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I want to control several (undecided) cut strips of these led lights:here.

I want to be able to turn the LEDs on and off from the arduino, but I know that the voltage is too high to work with with the arduino and I don't want to fry my arduino. I've looked into relay modules, but I'm a software guy and I don't understand even the difference between voltage and amperage (I think I have the idea down, but I get the two mixed up sometimes). I also don't know how much voltage or amperage I should be giving each strip or how to control that. I have all my code set up to control my arduino with my simple C# form I've made, but I'm dumbfounded when it comes to hardware, can anyone help?

Also, I'm not well into money so I'd like to avoid spending money on some relays if possible.

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    arduino.stackexchange.com/questions/3535/… or learn.adafruit.com/rgb-led-strips?view=all . I short; use a 12v power supply and switch the strips on/off using a MOSFET. – Gerben Jan 2 '15 at 16:26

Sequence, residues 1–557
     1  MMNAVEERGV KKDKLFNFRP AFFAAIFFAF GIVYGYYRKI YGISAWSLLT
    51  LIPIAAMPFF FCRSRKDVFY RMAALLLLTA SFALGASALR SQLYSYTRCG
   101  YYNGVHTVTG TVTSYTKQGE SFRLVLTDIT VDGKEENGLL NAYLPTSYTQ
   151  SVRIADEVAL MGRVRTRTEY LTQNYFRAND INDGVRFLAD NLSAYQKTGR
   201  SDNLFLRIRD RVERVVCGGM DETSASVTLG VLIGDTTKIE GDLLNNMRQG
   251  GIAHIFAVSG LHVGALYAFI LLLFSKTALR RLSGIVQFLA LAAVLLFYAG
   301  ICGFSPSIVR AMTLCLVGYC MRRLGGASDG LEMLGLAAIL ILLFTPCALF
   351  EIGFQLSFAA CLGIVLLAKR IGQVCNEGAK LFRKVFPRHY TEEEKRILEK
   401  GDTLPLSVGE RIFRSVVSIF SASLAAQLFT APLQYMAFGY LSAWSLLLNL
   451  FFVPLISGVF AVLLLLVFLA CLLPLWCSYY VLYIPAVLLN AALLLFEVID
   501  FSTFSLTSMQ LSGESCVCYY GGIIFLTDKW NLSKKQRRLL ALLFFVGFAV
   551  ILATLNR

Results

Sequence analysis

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    The bottom line here is you aren't quite ready to do this project. You need about a couple weeks of education and experimenting - not a big deal, get on that right away. I would suggest doing the example programs, learn to blink an LED, then learn to blink multiple LEDs. The ones that are important to you are "Blink" and "BlinkWithoutDelay" to learn programming standards (those are the Hello World of microcontrollers). Then, this example from AdaFruit where you learn to control a high-voltage device with a transistor - learn.adafruit.com/adafruit-arduino-lesson-13-dc-motors – Jasmine Jan 2 '15 at 17:15
  • And, the reason I say that is: money is important to you and you're going to fry parts if you don't address the issue of "don't know how much voltage or amperage I should be giving each strip or how to control that" - because that's basic to everything you will ever do, and without a clear understanding of it, you will end up spending extra money on this project. With some simple knowledge you'll be able to design and program this correctly. Personally, I think relays is the simplest way to do it - but there's at least three other methods I can think of. – Jasmine Jan 2 '15 at 17:19

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